Re: [isabelle] apply (cases a b c)



Hm, do you need case distinction over X at all?

Why not:
 
 proof (cases a b rule: type.exhaust[case_product type.exhaust])

Where type is the name of your type.

But maybe I didn't understand your goal. But for this I need more
information, for example the definition of your predicate X and type
"type" and the theorem you want to proof. You can also attach your
theory development if you want.

 - Johannes

Am Dienstag, den 08.07.2014, 11:02 -0700 schrieb Vadim Zaliva:
> Johannes, thanks for the hint.
> 
> I think I have a slightly different situation. I have induction rule in the form:
> 
> inductive X :: "type ==> bool"
>   c1 : X ...
> | c2 : X ...
> 
> and I need to prove something like this:
> 
> X a ==> X b ==> X f(a,b)
> 
> I am trying to write ISAR proof individually considering
> all combination of (c1,c2) constructors for 'a' and 'b':
> 
> case(a=c1,b=c1)
> case(a=c1,b=c2)
> case(a=c2,b=c1)
> case(a=c2,b=c2)
> 
> I was looking for something like this:
> 
> proof(cases a b rule: X.cases)
> 
> Alternatively perhaps there is a way to nest proof methods applying
> 
> proof(cases a rule: X.cases)
> 
> and 
> 
> proof(cases b rule: X.cases)
> 
> sequentially?
> 
> I am sorry about such naive question, I am new to Isabelle. Thanks!
> 
> Vadim
> 
> 
> On Jul 8, 2014, at 01:28 , Johannes Hölzl <hoelzl at in.tum.de> wrote:
> 
> > case_product should work with any case-style theorem of the form
> >  R x y ==> (case one over x y ==> P) ==> (case two over x y ==> P) ==>
> > P
> > (where R is the inductive predicate. it is optional)
> > 
> > So you can write:
> > 
> >  dt.cases[case_product dt.cases]
> > 
> > - Johannes
> > 
> > 
> > 
> > Am Montag, den 07.07.2014, 18:55 -0700 schrieb Vadim Zaliva:
> >> Hi!
> >> 
> >> If there is a way to use case_product attribute for inductive definitions?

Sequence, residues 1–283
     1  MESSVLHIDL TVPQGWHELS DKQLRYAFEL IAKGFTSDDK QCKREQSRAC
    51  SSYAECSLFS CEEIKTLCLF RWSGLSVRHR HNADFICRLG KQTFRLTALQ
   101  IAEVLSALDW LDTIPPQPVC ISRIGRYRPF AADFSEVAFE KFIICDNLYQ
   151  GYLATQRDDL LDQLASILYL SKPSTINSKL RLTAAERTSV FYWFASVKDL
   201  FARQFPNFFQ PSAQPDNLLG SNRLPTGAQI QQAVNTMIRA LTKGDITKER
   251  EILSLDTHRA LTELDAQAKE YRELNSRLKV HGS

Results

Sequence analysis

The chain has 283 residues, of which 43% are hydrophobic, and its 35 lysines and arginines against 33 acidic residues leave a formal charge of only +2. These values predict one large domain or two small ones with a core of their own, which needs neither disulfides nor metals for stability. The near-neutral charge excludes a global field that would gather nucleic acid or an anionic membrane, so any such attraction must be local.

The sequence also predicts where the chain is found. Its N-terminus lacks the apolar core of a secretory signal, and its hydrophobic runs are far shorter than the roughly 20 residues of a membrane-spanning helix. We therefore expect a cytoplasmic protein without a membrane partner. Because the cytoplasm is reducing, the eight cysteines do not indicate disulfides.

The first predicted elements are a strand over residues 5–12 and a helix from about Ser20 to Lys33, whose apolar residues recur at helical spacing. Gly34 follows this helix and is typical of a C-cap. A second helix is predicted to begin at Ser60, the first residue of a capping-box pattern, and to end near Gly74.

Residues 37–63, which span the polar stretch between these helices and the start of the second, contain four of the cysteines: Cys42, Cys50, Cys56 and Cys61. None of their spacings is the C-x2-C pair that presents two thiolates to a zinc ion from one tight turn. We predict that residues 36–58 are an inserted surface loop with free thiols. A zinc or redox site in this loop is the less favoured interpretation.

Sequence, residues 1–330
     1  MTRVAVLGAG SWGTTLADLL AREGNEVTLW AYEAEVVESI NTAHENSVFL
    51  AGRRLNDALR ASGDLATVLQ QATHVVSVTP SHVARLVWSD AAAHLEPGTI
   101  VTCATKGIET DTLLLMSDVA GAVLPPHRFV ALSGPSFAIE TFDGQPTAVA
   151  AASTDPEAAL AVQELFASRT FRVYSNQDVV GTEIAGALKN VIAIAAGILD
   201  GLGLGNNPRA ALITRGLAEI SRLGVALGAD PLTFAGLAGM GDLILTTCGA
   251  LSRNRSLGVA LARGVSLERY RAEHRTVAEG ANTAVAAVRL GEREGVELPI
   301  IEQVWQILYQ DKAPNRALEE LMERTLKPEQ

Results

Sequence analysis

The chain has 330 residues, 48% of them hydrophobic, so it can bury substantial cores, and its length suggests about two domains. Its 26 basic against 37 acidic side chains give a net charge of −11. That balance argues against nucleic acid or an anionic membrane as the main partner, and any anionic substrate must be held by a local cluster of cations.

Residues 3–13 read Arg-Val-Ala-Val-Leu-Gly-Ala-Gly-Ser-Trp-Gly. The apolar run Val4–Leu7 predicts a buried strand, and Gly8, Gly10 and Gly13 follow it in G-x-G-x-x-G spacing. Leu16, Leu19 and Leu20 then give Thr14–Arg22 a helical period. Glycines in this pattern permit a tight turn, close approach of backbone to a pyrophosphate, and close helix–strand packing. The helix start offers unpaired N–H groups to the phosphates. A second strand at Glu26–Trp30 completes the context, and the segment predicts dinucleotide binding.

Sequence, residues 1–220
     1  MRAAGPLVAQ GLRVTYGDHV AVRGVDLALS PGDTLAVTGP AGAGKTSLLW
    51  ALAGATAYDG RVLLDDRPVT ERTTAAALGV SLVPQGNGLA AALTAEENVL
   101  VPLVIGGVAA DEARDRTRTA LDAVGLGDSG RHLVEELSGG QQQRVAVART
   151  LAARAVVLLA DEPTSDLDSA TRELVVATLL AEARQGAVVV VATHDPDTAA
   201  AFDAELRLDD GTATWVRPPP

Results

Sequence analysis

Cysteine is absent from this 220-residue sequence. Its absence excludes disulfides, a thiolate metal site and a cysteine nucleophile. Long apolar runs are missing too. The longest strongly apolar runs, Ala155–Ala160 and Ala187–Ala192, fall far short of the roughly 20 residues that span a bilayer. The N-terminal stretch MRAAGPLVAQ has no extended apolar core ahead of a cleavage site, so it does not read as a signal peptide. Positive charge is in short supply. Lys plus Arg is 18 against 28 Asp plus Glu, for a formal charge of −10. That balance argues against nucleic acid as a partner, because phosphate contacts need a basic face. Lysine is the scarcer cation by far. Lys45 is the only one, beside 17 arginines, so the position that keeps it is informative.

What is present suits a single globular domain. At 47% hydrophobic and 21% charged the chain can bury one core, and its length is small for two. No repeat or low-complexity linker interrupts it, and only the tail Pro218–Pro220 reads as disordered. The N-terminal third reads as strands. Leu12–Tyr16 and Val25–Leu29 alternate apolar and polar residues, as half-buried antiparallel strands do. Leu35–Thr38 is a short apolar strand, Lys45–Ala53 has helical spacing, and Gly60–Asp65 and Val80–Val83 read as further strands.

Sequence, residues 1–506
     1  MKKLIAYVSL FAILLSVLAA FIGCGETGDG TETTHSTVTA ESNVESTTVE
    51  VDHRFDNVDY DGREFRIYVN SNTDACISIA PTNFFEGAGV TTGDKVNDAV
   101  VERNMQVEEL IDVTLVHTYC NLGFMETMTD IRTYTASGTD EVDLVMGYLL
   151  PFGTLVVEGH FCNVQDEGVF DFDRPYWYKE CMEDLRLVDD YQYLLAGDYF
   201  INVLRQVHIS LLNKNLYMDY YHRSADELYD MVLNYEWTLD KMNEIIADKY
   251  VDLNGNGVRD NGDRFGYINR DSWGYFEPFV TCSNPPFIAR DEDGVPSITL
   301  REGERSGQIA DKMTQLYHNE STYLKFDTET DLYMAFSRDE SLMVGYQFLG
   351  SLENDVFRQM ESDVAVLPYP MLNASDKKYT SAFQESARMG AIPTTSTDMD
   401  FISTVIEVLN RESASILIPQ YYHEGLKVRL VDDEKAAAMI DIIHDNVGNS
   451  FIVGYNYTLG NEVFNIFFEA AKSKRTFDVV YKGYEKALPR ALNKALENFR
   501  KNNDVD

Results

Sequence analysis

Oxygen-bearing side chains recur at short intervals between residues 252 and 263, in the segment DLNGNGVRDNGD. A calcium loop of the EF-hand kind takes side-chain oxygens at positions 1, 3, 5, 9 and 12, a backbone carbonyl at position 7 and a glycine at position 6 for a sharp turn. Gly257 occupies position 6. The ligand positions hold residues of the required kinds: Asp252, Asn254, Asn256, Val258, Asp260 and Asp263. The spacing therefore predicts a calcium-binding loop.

> >> For example if I have "inductive dt ..." it gives me dt.cases but no dt.exhaust.
> >> Thanks!
> >> 
> >> Vadim
> >> 
> >> On Jun 20, 2014, at 06:58 , Johannes Hölzl <hoelzl at in.tum.de> wrote:
> >> 
> >>> You can use the case_product attribute:
> >>> 
> >>> by (cases a b rule: dt.exhaust[case_product dt.exhaust]) 
> >>>    simp_all
> >>> 
> >>> And yes, I think it would be worth to extend the case method.
> >>> 
> >>> - Johannes
> >>> 
> >>> Am Freitag, den 20.06.2014, 15:53 +0200 schrieb Timothy Bourke:
> >>>> Is there a built-in way to generate subgoals for all cases of a set of
> >>>> variables?
> >>>> 
> >>>> For instance, suppose I have the definitions:
> >>>> 
> >>>> datatype dt = Num int | Infinity
> >>>> 
> >>>> fun plus :: "dt ⇒ dt ⇒ dt"
> >>>> where
> >>>>   "plus Infinity _ = Infinity"
> >>>> | "plus _ Infinity = Infinity"
> >>>> | "plus (Num a) (Num b) = Num (a + b)"
> >>>> 
> >>>> And now that I want to show:
> >>>> 
> >>>> lemma "plus a b = plus b a"
> >>>> 
> >>>> I would like to be able to type:
> >>>>   by (cases a b) simp_all
> >>>> 
> >>>> But this is not supported.
> >>>> 
> >>>> I know that I can type:
> >>>> by (tactic "(List.foldl (op THEN_ALL_NEW) (fn i => all_tac)
> >>>>               (List.map (Induct_Tacs.case_tac @{context}) ["a", "b"]) 1)")
> >>>>    simp_all
> >>>> 
> >>>> But somehow this is not very pleasing!
> >>>> 
> >>>> So, is there a good way to do this?
> >>>> 
> >>>> Would it be worth extending the cases method?
> >>>> 
> >>>> Tim.
> >>>> 
> >>> 
> >>> 
> >>> 
> >> 
> >> Sincerely,
> >> Vadim Zaliva
> >> 
> >> --
> >> CMU ECE PhD student
> >> Mobile: +1(510)220-1060
> >> Skype: vzaliva
> >> 
> > 
> > 
> 
> Sincerely,
> Vadim Zaliva
> 
> 






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